Professor Lorna Doucet of School of Management Fudan University shares research into how US and Chinese business people manage conflict
Based on the paper Cross-cultural differences in conflict management: An inductive study of Chinese and American managers by Lorna Doucet, Karen A. Jehn, Elizabeth Weldon, Xiangming Chen, Zhongming Wang, published in the International Journal of Conflict Management
Take me to the stars
From steel, aluminum and soya beans to automotive parts, halibut and, heavens forbid, a long list of necessities that also includes loo paper. After imposing billions of dollars’ worth of tariffs on each other’s goods, US and Chinese delegations met on 7th January in Beijing to hold talks aimed at resolving the damaging trade dispute that has seen Chinese consumers shun Apple iPhones and moved US manufacturers to choke software supplies to Chinese chip makers.
What’s more, the trade war has exacerbated the ‘publicity’ war. Recently, China successfully tested an anti-satellite missile, as well as stealing the stage with their close-to-home landing on the dark side of the moon – while all the US had to offer was the mere feat of filming Ultima Thule up close, the farthest and oldest space object ever visited by a spacecraft.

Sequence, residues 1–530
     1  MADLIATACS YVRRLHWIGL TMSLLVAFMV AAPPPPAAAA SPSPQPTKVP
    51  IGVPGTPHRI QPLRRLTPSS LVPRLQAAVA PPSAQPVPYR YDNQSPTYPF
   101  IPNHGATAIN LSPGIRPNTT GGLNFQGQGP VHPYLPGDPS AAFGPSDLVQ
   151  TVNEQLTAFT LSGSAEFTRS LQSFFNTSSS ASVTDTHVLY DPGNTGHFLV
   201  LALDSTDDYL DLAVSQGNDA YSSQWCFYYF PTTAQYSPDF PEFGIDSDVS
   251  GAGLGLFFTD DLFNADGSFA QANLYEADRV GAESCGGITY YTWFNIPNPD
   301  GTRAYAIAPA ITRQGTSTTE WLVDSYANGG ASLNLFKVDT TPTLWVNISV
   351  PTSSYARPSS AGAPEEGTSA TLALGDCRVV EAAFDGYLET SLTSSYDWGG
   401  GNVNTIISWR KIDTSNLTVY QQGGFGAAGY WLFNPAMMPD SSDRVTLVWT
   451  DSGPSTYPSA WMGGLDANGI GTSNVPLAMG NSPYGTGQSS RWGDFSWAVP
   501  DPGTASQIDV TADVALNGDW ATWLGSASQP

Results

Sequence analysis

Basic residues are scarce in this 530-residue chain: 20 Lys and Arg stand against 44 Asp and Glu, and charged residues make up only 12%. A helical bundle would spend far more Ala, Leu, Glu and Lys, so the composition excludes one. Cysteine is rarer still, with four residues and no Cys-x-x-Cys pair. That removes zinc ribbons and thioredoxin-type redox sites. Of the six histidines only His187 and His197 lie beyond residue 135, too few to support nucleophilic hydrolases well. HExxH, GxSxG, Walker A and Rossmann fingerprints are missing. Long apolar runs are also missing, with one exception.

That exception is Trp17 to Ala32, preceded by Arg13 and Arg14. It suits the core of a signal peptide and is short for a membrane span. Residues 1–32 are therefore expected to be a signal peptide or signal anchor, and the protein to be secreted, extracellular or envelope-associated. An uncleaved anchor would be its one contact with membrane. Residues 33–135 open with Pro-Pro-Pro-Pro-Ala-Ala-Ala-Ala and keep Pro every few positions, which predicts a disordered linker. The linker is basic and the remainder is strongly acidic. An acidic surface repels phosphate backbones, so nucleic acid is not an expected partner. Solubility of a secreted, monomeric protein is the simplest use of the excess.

The internationalisation of business activity has long since demonstrated the importance of understanding cross-cultural differences in negotiation and conflict management behaviour. The trade war standoff in progress since early 2018 seems to call more than ever for an urgent return to the classroom. The bottom line is this: as many business people have discovered, ineffective negotiations and poor conflict management often contribute to problematic international operations. This is where several stars from the academic world come in.
Search and understand
Research undertaken by Prof. Lorna Doucet, School of Management Fudan, and colleagues Karen A. Jehn, Elizabeth Weldon, Xiangming Chen, and Zhongming Wang set out to compare the behaviours of American and Chinese managers in a bid to uncover differences in how they approach conflict. The findings might just offer insight to the negotiators in Beijing.
Using inductive research to get behind how US and Chinese managers actually perceive conflict management, Prof. Doucet and her colleagues surveyed 66 American and 52 Chinese managers working in China to describe a conflict they had experienced involving a manager from the same culture. The interview questions were translated from English to Chinese, then translated back to English to ensure equivalence. The data obtained from both groups was analysed separately – to avoid transferring preconceived conceptions across cultures and the risk that certain words might have different meanings for the two.
No punches pulled
What came out of the research was that American and Chinese business people go about handling conflict differently. Chinese managers described the use of embarrassment and teaching a moral lesson as important when dealing with underperforming or askew team members. Their American counterparts, however, generally omitted this aspect when describing critical incidents occurring in work-related situations.